Rule #11
The application - Do you make sure that the database structure is handled automatically via 3 buttons "Create", "Upgrade" and "Reconcile"?
  v3.0 Posted at 20/10/2010 7:57 PM by system

You get an error message reported from a user like:

    When I click the Save button on the product form it gives an error message about a missing field.
Figure: The developer thinks "what could be wrong"
Figure: The developer tests then replies "Works on my machine"

You try and reproduce it on your version in the office and everything works perfectly.

You suspect that the customer probably has changed the schema. So you start drafting an email to the user like:

Mary, I need you to send me your database schema as it might be different from what it should be. Can you:
  1. Open up Enterprise Manager in you are on SQL 2000 (or open SQL Management Studio if you are on SQL 2005, 2008 or 2010)
  2. Open the first tree
  3. Open the second tree
  4. Select your server
  5. Open that tree
  6. Select Databases
  7. Open that tree
  8. Select the database called Northwind
  9. Right click it and choose All Tasks, then Generate SQL Script
  10. Then select the options
  11. etc
  12. Then when I get this I will compare and I will make a script file for you to run and fix the problem

STOP! STOP! STOP!
It would be much better to just say:

Mary, click the "Reconcile" button and it will tell us what is wrong

Bottom line is the customers' database schema should always be correct, should be managed automatically by the app and if it is not, it is their problem.

Therefore, you should deliver an application with the buttons "Create", Upgrade" and "Reconcile", accessible via "Tools - Options" and a "Database" tab. We do this by using SSW SQL Deploy and throwing on the inherited user-control from the SSW.SQLDeploy.Options project.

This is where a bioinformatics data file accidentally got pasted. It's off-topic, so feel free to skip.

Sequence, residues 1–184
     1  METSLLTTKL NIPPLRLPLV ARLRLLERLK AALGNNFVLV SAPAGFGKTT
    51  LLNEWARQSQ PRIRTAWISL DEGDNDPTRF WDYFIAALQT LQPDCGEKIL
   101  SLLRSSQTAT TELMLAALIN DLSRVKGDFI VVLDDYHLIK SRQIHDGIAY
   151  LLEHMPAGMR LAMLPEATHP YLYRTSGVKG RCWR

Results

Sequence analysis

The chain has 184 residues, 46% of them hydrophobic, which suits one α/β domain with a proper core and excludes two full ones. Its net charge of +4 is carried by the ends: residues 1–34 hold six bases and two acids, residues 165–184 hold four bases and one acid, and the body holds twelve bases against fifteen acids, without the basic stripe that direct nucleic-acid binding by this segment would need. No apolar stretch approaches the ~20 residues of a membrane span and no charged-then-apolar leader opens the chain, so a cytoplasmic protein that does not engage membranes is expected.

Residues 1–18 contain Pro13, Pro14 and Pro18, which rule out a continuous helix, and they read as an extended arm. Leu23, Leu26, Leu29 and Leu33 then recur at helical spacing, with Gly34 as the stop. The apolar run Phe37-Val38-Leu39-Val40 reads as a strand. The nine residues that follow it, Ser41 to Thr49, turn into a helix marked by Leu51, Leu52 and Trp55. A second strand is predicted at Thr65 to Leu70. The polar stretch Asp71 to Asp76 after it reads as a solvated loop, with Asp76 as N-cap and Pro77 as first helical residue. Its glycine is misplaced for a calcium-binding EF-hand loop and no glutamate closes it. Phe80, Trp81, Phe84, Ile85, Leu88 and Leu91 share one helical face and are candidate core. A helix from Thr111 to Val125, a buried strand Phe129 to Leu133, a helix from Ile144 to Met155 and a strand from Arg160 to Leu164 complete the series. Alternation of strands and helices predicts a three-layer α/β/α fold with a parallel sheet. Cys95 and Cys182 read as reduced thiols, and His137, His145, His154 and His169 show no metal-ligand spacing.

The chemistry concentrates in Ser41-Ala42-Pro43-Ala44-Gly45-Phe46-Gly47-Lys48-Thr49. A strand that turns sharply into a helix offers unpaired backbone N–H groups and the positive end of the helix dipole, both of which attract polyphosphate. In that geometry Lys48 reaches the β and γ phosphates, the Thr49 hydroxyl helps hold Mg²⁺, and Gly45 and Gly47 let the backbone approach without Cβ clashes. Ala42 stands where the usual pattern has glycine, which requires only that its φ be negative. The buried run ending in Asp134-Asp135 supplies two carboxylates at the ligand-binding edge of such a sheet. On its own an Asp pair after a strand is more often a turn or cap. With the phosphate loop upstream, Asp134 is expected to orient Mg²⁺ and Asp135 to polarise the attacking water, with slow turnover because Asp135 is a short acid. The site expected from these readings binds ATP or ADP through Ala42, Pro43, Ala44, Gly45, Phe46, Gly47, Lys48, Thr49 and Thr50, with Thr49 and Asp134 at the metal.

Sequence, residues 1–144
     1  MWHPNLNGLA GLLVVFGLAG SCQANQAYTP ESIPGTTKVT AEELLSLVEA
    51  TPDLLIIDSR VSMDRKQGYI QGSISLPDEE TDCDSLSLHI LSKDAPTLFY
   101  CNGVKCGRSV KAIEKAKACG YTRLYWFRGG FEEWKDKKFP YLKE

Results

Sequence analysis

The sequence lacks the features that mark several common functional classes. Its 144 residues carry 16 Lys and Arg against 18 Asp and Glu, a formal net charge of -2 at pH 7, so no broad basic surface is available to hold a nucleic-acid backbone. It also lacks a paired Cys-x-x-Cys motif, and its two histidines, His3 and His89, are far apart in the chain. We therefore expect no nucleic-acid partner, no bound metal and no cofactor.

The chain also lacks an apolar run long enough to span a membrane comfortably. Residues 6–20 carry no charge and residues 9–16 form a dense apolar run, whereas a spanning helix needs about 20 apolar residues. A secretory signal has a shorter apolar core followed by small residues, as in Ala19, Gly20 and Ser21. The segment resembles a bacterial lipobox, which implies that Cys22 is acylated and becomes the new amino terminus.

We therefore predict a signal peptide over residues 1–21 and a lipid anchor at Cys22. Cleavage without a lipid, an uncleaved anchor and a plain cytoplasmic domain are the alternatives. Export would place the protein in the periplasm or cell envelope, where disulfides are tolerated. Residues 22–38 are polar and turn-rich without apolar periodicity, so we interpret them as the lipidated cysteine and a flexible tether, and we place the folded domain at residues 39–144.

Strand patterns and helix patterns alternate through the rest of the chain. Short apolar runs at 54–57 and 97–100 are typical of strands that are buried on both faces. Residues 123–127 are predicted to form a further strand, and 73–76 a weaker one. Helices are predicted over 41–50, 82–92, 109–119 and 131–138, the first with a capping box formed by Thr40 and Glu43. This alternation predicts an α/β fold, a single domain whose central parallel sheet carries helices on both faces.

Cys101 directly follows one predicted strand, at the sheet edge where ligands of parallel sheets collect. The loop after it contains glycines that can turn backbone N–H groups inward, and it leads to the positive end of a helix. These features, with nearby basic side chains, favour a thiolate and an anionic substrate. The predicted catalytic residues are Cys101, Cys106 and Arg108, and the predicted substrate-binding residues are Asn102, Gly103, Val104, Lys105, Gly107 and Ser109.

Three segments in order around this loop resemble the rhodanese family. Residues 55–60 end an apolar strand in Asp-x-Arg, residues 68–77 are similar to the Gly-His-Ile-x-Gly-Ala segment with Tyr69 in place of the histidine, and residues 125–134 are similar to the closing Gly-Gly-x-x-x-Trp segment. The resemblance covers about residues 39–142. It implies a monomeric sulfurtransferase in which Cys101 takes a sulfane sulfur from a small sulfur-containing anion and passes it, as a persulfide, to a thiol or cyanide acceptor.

For more information see Best Tools for SQL Server

It looks like this
Reconcile Figure: When weird errors are happening at a client, you need a "Reconcile" button in your application. This compares the current scripts, to the client's database and tells you if things are not right New database dialog Figure: First time your client opens the application, they will need to Creating a database. It should be as easy as clicking "Create"
As a developer, I promise to do these 3 things:
  1. Save every SQL change I do as a script
  2. Make sure the application I develop, has 3 buttons, "Create", "Update" and "Reconcile"
  3. Never ask a client to run a script
Figure: Adam makes all his new developers swear in and repeat this
 


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